Sundance Channel’s new documentary series, Push Girls, about five gorgeous women in wheelchairs, will show life after paralysis as it’s never been portrayed before on television.
When the Push Girls roll into a room, your eyes do not focus on the shiny wheelchairs underneath them. That’s because you really haven’t seen anything like this formidable posse before—five women bonded by the common obstacle life has thrown at them, but even more so by how they’ve chosen to handle it. Gorgeous, joyous, and sentenced to sit for the rest of their lives, it’s easy to comprehend why the Sundance Channel would find them worthy of their own series.
Push Girls, which premieres on June 4, isn’t like other unscripted franchises that put women together in the hopes of headline-grabbing catfights. The show, produced by Gay Rosenthal (Little People, Big World), depicts the reality of living with paralysis and how it doesn’t have to define a person’s life. That may sound really hokey, but spend some time with knockouts Angela Rockwood, Auti Angel, Mia Schaikewitz, Tiphany Adams, and Chelsie Hill, and you might be left pondering how you’ve handled your own setbacks.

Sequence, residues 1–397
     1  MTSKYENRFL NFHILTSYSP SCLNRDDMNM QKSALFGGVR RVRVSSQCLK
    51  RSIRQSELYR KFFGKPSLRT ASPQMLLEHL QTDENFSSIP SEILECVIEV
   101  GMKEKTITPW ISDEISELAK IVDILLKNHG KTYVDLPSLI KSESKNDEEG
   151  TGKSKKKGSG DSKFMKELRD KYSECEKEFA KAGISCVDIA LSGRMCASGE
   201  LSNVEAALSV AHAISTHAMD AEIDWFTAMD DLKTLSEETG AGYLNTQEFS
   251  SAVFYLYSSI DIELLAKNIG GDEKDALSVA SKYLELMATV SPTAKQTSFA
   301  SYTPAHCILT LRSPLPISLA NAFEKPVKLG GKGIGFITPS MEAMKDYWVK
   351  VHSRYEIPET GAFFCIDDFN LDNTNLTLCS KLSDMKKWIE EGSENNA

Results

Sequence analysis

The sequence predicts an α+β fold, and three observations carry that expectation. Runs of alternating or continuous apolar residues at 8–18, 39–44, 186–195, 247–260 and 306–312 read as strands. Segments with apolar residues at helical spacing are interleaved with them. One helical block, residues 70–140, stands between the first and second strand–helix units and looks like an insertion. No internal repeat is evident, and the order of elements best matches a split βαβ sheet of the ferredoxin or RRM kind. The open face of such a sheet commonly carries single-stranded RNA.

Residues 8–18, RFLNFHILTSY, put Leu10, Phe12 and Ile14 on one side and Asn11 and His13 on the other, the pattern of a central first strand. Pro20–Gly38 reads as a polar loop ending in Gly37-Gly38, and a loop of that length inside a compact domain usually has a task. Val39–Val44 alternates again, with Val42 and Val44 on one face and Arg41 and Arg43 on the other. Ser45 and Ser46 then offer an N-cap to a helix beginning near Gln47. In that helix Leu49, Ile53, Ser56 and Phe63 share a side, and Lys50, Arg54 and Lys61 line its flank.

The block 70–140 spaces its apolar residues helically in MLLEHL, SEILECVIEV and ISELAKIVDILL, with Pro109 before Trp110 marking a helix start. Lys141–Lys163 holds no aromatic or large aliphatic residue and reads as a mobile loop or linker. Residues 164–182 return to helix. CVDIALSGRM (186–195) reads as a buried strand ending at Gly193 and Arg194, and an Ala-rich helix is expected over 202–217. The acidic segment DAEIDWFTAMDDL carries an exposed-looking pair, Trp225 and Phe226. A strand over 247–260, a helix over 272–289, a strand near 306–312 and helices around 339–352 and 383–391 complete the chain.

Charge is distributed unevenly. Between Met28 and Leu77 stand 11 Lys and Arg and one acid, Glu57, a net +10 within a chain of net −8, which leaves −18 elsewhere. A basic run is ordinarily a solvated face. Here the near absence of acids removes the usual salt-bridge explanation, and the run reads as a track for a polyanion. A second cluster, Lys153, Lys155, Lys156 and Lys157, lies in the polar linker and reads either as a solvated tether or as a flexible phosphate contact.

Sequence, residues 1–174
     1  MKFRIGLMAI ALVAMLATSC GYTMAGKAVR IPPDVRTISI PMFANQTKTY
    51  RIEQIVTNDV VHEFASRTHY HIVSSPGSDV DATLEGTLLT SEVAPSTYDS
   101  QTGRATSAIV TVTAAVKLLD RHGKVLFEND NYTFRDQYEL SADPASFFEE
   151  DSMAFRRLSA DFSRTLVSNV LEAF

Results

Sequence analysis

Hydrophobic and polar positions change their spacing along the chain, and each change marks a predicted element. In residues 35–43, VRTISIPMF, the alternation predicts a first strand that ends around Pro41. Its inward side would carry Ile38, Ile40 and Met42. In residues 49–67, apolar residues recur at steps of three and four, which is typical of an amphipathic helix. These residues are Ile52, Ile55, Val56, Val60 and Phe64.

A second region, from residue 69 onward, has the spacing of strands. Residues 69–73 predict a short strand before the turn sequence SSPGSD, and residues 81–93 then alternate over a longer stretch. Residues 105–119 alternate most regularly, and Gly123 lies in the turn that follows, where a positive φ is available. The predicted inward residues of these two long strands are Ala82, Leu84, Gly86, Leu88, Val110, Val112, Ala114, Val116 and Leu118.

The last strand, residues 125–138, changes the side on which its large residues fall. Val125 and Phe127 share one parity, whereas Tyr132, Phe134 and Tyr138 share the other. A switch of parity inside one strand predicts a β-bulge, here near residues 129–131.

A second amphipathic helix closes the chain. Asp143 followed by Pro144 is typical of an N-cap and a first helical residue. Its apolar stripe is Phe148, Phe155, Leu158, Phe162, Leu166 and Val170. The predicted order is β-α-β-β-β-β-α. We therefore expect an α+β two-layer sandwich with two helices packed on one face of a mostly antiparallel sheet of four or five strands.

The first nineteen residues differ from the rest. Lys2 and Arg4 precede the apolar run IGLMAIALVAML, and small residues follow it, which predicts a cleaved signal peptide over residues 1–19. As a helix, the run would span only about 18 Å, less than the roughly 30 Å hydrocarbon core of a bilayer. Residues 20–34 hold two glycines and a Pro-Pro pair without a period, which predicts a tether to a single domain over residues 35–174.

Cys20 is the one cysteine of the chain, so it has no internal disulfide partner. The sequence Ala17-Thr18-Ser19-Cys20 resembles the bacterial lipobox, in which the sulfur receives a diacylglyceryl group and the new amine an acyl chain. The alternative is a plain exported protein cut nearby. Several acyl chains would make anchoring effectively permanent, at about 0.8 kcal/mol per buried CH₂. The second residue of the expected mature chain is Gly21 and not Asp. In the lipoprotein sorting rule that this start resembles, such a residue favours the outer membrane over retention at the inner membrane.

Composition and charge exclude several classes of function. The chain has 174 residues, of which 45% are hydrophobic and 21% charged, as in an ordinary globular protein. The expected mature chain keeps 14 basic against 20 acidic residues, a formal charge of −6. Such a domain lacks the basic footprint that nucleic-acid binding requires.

“The people in our immediate lives have been able to deal with the paralysis and realize that this is not a tragedy,” said 33-year-old Schaikewitz, who became paralyzed at 15 when an arteriovenous malformation ruptured in her spinal cord. “It’s uplifted us and uplifted them. Only people we’ve had these intimate relationships have experienced it. What’s great about the show is the audience is going to be able to see that, whether they met us in person or not.”